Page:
Skip to content

Cancer Council supports the Australian Dietary Guidelines published by the National Health and Medical Research Council.

How is diet linked to cancer?

A healthy, balanced diet will not only give you more energy and help you to maintain a healthy weight (an independent risk factor for cancer); it can also cut your cancer risk directly, particularly cancers of the gastro-intestinal tract.

A diet high in fruit and vegetables offers our body nutrients such as vitamins, minerals and antioxidants to help protect the body from cell damage and cancer. In contrast, other types of foods (and drinks) can have the opposite effect and have been shown to damage the cells that line the bowel, which can lead to bowel cancer.  It is important to ensure our diet is varied and balanced and contains plenty of health promoting foods.

Cancer Council recommendations

To reduce your risk of cancer, eat plenty of fruits, vegetables and wholegrain foods. Limit consumption of red meat to less than 455 g (700 g raw weight) and avoid eating processed meats such as ham, bacon, salami and frankfurts. Limit consumption of food and drinks high in fat, sugar and salt (and low in nutritional value) such as junk food, biscuits, chocolate, sugary drinks and alcohol.

Fruit and vegetables contain nutrients that can be protective against cancer.

Eating plenty of fruit and vegetables is likely to reduce the risk of cancer of the mouth, pharynx, larynx, oesophagus, stomach and bowel. Fruit may also protect against lung cancer.

Fruit and vegetables also play an important role in weight management as they are low in fat and kilojoules, and high in fibre so can keep you feeling fuller for longer. As obesity is a convincing risk factor for cancer of the bowel, kidney, pancreas, oesophagus, endometrium and breast (in post-menopausal women), fruit and vegetables may also protect against cancer indirectly by helping you to maintain a healthy body weight.

Recommended number of serves

For information on number of serves for younger children click here.

For information on number of serves for pregnant or lactating women click here.

1 serve of vegetables =

  • ½ cup cooked green or orange vegetables (for example, broccoli, spinach, carrots or pumpkin)
  • 1 cup of leafy or raw salad vegetables
  • ½ cup dried or canned beans, lentils, peas or sweetcorn
  • ½ medium potato or other starchy vegetable
  • 1 medium tomato

1 serve of fruit =

  • 1 medium apple, banana, orange or pear
  • 2 small apricots, kiwi fruits or plums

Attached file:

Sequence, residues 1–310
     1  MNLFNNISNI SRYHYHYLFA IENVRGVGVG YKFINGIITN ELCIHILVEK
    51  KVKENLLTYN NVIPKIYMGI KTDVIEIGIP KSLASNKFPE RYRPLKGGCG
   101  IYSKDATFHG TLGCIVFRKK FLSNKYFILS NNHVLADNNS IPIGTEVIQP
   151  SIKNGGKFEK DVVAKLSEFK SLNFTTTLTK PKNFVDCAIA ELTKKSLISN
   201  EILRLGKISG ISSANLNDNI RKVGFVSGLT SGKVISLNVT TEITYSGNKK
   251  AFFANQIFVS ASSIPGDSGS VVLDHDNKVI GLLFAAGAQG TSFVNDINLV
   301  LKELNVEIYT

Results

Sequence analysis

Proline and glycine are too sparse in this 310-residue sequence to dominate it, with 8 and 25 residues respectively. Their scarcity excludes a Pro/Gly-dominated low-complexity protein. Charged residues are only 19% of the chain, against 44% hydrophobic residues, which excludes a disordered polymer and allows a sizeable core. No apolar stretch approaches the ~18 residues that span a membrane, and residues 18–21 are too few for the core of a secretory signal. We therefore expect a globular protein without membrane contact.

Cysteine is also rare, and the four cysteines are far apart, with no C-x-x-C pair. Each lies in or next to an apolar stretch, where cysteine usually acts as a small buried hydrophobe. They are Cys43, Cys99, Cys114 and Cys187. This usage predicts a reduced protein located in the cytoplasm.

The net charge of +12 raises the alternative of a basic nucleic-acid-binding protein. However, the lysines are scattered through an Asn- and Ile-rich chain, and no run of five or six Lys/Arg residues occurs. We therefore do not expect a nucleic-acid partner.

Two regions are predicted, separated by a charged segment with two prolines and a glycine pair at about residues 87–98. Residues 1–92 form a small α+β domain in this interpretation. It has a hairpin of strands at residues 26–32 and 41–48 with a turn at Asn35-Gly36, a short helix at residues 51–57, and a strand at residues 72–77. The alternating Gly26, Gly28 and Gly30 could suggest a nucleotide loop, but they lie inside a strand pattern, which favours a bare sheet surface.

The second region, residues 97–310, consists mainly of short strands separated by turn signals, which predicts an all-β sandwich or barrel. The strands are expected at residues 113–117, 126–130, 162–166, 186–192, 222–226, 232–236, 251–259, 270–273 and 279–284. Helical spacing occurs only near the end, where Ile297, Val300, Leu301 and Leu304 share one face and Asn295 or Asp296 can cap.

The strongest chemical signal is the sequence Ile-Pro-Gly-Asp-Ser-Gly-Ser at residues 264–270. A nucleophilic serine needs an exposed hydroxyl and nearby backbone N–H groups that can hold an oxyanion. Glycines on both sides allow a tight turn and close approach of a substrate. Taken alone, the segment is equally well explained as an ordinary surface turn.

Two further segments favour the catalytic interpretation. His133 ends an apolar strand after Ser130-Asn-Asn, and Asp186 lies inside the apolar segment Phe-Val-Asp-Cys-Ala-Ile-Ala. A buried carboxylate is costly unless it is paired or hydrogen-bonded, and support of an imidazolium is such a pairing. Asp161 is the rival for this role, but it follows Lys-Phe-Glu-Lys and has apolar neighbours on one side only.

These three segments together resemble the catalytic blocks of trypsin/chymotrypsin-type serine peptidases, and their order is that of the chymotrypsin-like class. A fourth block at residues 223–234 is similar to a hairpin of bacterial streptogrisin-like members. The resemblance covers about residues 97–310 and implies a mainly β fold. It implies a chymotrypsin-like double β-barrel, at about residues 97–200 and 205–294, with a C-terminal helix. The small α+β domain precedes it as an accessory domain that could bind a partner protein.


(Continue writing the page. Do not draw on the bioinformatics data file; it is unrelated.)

• 1 cup diced or canned fruit (no added sugar)

Or occasionally

  • ½ cup fruit juice (no added sugar)
  • 30g dried fruit eg. 4 dried apricot halves, 11/2 tablespoons of sultanas

Eat a variety of different coloured fruit and vegetables every day. Fresh, frozen, dried or canned fruit and vegetables can all be chosen as part of a healthy diet.

Fruit and vegetables are also high in fibre. For more information on how dietary fibre can help cut your cancer risk, see the following ‘Dietary fibre and wholegrain cereals’ section.

Evidence shows dietary fibre decreases the risk of colorectal cancer, and can assist in maintaining a healthy weight.

Every day, men should be aiming for 30g of dietary fibre and women should be aiming for 25 g.

Dietary fibre is the part of plant foods such as vegetables, fruit, wholegrains, legumes, nuts and seeds that cannot be digested in the stomach or small intestine. Dietary fibre passes relatively unchanged into the large intestine, where it is fermented by bacteria—boosting gut health and reducing cancer risk.

As well as fruit, vegetables, nuts and seeds, other great sources of fibre include wholemeal or wholegrain breads or wraps, couscous, quinoa, brown rice, wholemeal pasta, high-fibre cereals, muesli and oats.

Recommended number of serves

For information on number of serves for younger children click here.

For information on number of serves for pregnant or lactating women click here.

1 serve =

  • 1 slice bread
  • ½ medium roll or flat bread
  • ½ cup cooked pasta, rice, noodles, barley, buckwheat, semolina, polenta, bulgur or quinoa
  • ½ cup cooked porridge
  • 2/3 cup wheat cereal flakes
  • ¼ cup muesli
  • 3 crispbreads